Washington Post’s Jed Hartman: The industry needs to stop whining about the duopoly

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While Google and Facebook hamper publishers’ efforts to grow digital ad dollars, The Washington Post CRO Jed Hartman said on this week’s Digiday Podcast that publishers need to figure out their unique value and stop “whining about the platforms.”

“I would rather find our unique selling proposition and exploit that as best as possible, partner when necessary and go on our own other times,” he said. “[The duopoly is] good at selling advertising. We will bring a different value.”

Below are highlights, edited for clarity.

The Jeff Bezos effect
“There is an experimentation culture. You do everything you can to make that experiment work. Jeff [Bezos] is really involved, and he’s the chief inspiration and innovation officer for focus on product and a frictionless customer experience. Another Jeff-ism is, if it’s core to your business, why would we outsource [our CMS]? Google doesn’t do it.”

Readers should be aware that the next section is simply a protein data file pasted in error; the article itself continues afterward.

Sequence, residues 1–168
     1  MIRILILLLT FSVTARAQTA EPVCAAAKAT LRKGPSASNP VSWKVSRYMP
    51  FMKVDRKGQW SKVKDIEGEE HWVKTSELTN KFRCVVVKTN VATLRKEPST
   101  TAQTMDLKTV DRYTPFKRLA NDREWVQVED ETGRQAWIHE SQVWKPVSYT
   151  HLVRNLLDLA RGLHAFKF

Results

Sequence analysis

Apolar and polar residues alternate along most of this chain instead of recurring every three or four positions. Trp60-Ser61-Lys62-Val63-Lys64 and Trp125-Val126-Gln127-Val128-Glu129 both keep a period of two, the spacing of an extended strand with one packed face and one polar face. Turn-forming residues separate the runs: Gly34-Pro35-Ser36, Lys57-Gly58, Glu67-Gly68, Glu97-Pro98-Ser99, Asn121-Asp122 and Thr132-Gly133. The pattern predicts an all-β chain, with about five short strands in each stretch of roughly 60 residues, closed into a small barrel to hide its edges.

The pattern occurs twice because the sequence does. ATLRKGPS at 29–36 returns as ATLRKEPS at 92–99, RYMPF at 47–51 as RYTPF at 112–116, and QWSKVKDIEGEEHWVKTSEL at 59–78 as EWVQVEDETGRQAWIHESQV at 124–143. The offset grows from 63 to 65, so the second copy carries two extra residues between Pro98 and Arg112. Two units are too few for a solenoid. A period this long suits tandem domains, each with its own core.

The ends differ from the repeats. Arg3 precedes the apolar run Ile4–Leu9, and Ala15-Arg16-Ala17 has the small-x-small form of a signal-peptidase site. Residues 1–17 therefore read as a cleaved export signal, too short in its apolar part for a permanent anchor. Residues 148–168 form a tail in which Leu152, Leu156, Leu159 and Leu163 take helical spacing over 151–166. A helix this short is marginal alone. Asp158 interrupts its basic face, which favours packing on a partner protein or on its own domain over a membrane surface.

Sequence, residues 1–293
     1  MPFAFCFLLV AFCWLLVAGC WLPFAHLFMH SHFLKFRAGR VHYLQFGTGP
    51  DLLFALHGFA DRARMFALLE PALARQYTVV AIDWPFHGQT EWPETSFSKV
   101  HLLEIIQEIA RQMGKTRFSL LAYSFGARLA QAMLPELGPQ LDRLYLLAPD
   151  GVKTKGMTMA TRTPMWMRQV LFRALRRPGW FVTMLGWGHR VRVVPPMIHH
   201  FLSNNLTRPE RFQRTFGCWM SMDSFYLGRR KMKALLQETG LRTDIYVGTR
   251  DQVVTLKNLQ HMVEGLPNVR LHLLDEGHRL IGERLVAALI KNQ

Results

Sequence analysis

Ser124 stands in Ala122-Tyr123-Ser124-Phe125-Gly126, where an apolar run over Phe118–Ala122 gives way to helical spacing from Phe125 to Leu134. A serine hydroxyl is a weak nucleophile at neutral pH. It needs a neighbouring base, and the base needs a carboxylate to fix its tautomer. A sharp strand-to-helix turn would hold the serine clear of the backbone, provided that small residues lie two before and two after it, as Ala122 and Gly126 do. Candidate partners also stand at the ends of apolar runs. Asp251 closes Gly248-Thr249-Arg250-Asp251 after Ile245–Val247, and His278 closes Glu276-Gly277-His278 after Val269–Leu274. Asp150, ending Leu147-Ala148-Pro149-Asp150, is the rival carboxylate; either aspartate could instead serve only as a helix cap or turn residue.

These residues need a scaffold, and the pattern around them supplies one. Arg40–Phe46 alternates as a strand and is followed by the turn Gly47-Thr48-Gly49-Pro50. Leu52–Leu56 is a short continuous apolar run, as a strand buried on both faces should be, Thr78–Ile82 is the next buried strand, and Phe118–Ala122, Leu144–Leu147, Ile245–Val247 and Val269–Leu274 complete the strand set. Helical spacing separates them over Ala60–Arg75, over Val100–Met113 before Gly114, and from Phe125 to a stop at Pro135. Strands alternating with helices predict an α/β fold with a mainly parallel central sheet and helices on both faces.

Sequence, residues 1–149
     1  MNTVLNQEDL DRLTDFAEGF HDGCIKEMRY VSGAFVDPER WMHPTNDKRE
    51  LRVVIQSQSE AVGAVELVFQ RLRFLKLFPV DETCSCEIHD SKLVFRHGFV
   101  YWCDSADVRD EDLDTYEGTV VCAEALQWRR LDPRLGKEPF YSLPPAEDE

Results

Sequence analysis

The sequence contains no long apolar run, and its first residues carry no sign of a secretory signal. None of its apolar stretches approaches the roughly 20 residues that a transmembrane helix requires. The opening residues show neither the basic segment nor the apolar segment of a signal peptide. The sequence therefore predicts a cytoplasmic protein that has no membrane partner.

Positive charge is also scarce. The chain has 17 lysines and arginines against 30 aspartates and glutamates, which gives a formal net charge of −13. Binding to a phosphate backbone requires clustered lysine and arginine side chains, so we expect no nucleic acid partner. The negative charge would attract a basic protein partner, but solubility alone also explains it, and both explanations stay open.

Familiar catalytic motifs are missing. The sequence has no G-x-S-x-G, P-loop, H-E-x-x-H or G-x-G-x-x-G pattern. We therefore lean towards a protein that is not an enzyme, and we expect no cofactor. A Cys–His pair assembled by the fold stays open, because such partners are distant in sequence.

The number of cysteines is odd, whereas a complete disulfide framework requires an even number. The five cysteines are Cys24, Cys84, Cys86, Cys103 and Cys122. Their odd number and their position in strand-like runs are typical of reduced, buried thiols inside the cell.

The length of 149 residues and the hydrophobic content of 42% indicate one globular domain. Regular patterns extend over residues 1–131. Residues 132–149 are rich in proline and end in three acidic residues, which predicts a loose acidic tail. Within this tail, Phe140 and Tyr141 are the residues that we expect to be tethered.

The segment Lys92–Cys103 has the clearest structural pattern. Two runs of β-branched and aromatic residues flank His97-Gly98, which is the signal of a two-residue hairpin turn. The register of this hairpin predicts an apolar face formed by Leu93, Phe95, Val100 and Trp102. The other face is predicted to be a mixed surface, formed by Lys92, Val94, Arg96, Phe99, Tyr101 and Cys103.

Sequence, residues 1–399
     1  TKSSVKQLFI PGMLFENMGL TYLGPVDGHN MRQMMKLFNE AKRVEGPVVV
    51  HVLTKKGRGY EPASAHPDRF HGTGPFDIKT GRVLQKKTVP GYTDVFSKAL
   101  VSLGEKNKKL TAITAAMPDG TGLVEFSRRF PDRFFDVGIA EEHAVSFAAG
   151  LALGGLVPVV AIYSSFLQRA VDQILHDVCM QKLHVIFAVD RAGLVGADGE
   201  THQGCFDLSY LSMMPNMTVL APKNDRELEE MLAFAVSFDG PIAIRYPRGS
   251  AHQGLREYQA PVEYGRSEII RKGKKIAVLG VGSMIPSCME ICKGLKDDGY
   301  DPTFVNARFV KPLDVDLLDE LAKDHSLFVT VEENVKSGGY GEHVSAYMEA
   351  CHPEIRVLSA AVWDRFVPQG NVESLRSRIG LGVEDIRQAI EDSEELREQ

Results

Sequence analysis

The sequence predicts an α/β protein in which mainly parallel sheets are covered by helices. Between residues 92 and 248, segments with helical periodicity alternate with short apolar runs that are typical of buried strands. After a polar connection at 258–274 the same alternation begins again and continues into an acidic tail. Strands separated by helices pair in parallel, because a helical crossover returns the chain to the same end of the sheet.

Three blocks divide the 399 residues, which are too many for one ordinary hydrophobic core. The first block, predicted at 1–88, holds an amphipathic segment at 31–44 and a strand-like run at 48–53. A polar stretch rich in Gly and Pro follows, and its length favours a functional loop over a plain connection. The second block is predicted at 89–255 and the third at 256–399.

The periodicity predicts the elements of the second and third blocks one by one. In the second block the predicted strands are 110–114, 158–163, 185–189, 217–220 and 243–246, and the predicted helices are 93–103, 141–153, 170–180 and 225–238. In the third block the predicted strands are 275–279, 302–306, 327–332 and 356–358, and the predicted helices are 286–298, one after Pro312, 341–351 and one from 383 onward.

The paywall, not Trump, is behind the subscription growth
“Trump has made politics pop culture, whether you love or hate his tweets and policy. But he’s fascinating. It brings more people to the Post because it’s a part of our DNA. But we saw a surge in subscriptions after we tightened our paywall to three [free] articles a month. Fake news has made people want to go to brands, which they trust will fact-check. But if you put up a paywall, where is the user going to go? They trust you. So they are more likely to pay you and drive your subscription business.”

Building a CMS for the Post
“We built a CMS for our business because there was no CMS that worked for us. Not many publishers invest deeply, so why would the platforms invest to make it the best? So we built a platform called Arc. And we like it, so maybe others will like this. Many other publishers use this. It’s a legitimate revenue stream right now.”

Competing with the platforms
“The pendulum swung massively to audience because technology allowed for that. I feel a swing back to quality, fueled by the conversation around brand safety, ad fraud, bots and trust. But we won’t see that in the numbers for a very long time, if ever. The convenience of pushing a button and reaching your audience to buy Facebook or Google is very appealing. But there’s an enormous global ad market. There’s a lot of money for great companies if they have a unique value that is not commoditized.”


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